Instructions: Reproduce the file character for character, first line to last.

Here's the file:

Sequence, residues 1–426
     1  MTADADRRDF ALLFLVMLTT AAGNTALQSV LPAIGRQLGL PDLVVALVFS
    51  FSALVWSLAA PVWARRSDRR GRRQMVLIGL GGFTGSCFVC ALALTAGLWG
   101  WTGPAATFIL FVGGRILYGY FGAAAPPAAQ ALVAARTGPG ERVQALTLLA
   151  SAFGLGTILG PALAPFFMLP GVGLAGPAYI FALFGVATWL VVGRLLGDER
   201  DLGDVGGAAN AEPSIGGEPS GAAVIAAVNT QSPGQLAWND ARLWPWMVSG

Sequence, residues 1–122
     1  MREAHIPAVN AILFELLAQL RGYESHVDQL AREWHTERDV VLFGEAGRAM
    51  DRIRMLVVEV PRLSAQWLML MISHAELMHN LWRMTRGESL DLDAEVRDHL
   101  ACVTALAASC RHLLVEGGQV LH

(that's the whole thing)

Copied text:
Sequence, residues 1–426
     1  MTADADRRDF ALLFLVMLTT AAGNTALQSV LPAIGRQLGL PDLVVALVFS
    51  FSALVWSLAA PVWARRSDRR GRRQMVLIGL GGFTGSCFVC ALALTAGLWG
   101  WTGPAATFIL FVGGRILYGY FGAAAPPAAQ ALVAARTGPG ERVQALTLLA
   151  SAFGLGTILG PALAPFFMLP GVGLAGPAYI FALFGVATWL VVGRLLGDER
   201  DLGDVGGAAN AEPSIGGEPS GAAVIAAVNT QSPGQLAWND ARLWPWMVSG

Sequence, residues 1–122
     1  MREAHIPAVN AILFELLAQL RGYESHVDQL AREWHTERDV VLFGEAGRAM
    51  DRIRMLVVEV PRLSAQWLML MISHAELMHN LWRMTRGESL DLDAEVRDHL
   101  ACVTALAASC RHLLVEGGQV LH